Il ne faut pas que nos lois antiracistes deviennent demain notre tombe.
L'islam est le culte de la haine de l'autre et la mort de la vie.
Le laisser faire, c'est lui tendre le couteau de boucher pour nous égorger avec.
Avec fermeté et courage, soyons les valeureux combattants de l'hydre musulmane. (Salem Ben Ammar)
Accessing Skills (Critical Guide, E. D. Hirsch Jr)
A phrase used to define an aspect of "learning to learn."
Accessing skills are currently emphasized by our schools on the grounds that today's knowledge is changing so rapidly that it will be irrelevant tomorrow. It is better to learn how to "access information" (i.e., how to look things up, or how to use a library or computer or spell-check program) than to learn a lot of soon-to-be-outmoded facts.
The emphasis on accessing skills is an expression of the tool metaphor of education, which opposes itself to the "banking theory" or "transmission theory" of schooling (which see). The tool conception holds that schooling should emphasize instrumental strategies, such as how to find knowledge, rather than emphasizing knowledge itself. The dominance of this tool idea, which dates back to the early days of the progressive movement, has led our schools to spend a lot of time teaching such techniques as dictionary – or encyclopedia – accessing skills, which must indeed be taught to children but are not inherently difficult skills that take a long time to acquire. They cannot replace students' ready knowledge of varied subject matters and word meanings. A speaker on the radio or television does not pause for listeners to look up the words they don't know. Even when using an encyclopedia or CD-ROM, students without prior background knowledge cannot understand the things they look up.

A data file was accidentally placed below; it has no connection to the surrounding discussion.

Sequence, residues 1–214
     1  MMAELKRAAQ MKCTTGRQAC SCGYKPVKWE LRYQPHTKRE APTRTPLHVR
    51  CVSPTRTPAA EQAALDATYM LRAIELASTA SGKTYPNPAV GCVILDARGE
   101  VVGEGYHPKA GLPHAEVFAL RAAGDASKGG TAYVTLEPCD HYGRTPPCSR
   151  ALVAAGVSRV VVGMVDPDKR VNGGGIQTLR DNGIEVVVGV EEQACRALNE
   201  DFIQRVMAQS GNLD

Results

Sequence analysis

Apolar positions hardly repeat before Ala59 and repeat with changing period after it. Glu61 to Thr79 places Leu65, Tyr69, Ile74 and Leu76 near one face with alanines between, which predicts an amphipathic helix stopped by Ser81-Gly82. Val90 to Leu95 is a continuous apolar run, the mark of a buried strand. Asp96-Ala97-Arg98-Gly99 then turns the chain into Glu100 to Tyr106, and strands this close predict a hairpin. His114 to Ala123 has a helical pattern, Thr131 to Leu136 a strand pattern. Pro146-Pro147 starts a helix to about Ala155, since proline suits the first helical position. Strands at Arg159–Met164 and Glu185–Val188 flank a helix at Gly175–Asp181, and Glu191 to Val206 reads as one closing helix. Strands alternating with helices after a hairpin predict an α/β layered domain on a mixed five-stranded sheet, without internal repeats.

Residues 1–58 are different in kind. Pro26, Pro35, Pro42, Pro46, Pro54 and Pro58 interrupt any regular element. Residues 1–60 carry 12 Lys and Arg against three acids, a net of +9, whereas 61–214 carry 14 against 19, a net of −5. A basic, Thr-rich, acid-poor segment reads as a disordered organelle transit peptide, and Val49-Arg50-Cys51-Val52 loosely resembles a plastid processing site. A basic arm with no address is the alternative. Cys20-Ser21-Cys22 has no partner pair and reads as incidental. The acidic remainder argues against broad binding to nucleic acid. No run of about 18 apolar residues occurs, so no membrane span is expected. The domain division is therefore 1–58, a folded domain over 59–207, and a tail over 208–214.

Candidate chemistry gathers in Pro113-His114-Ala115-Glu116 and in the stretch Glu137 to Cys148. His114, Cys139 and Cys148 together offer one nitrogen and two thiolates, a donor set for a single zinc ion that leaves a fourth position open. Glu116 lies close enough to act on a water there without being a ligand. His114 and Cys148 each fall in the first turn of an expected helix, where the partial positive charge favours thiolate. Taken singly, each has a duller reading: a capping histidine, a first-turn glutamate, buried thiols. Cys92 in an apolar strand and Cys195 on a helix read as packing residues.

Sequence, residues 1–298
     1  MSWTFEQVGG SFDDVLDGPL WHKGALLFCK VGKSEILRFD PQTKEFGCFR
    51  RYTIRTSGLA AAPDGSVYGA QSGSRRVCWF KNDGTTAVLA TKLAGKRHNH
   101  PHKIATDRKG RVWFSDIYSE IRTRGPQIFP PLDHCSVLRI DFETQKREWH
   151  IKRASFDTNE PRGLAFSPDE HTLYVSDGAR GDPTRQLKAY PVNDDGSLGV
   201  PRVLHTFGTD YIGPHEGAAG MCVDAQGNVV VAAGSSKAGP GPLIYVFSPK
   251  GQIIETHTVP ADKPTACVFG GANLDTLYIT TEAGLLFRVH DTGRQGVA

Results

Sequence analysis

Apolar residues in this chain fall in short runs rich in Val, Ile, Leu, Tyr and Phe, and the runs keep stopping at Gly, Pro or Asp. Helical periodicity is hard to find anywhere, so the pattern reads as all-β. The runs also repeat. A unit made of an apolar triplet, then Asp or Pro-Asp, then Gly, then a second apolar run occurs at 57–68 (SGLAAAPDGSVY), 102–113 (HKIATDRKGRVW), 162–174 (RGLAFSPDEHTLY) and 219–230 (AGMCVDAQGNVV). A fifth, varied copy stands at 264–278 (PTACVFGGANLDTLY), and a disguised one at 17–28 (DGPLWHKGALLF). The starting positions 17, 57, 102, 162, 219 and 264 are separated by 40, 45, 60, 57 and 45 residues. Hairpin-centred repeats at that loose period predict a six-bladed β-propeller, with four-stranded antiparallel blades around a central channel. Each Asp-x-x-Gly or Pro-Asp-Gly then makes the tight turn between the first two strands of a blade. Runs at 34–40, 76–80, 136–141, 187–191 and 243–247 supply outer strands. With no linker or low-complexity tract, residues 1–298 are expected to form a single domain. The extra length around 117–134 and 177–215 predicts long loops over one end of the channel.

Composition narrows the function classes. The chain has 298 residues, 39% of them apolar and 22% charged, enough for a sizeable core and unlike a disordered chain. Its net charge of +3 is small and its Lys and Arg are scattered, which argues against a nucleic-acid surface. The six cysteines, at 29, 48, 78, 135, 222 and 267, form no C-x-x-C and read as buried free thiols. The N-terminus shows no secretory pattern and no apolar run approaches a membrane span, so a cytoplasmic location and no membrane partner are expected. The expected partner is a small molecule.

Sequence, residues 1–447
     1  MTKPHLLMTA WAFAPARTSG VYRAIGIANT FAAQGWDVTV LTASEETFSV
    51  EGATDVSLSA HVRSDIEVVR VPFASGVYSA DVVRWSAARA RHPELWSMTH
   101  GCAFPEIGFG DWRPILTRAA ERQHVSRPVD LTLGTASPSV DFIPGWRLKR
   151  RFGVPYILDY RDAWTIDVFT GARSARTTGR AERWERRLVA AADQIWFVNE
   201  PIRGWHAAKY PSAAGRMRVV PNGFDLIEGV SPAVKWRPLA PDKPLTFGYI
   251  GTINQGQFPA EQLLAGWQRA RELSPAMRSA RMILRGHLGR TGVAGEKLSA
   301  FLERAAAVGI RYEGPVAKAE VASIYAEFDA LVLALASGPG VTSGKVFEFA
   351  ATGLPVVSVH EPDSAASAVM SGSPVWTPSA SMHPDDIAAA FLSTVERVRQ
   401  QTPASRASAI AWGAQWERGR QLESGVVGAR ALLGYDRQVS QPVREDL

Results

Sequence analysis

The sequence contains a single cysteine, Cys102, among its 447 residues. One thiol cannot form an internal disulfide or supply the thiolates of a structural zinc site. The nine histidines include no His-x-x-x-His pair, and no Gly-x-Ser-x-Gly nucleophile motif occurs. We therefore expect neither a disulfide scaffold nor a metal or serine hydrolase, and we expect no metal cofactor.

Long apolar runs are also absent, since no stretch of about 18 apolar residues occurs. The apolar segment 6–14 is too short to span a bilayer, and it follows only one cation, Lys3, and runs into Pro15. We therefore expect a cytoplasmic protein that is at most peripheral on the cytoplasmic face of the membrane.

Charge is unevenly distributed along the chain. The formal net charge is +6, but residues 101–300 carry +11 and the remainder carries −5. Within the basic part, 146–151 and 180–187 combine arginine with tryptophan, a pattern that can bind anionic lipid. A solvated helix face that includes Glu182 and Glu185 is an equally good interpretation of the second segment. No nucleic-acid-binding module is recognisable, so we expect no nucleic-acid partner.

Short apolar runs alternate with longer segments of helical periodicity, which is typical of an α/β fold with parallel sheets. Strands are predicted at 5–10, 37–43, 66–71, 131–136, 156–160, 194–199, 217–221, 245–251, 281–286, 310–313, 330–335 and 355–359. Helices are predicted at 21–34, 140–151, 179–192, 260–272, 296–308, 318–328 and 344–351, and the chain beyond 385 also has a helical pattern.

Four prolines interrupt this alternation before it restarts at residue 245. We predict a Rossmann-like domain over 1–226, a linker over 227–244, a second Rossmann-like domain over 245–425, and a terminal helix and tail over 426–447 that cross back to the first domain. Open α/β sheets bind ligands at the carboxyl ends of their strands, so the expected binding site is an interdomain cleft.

Preparing students to cope with new knowledge is indeed central to good education. But knowing how to look things up, while important, is not by itself a skill that effectively enables students to learn new things. The skill to learn new things consists of both general tactics like accessing skills and a generous amount of "domain-specific" knowledge.
Contrary to the tool metaphor, a general ability to learn new competencies never consists solely of accessing strategies but also entails familiarity with the most important knowledge in mathematics, the sciences, the humanities, and the arts.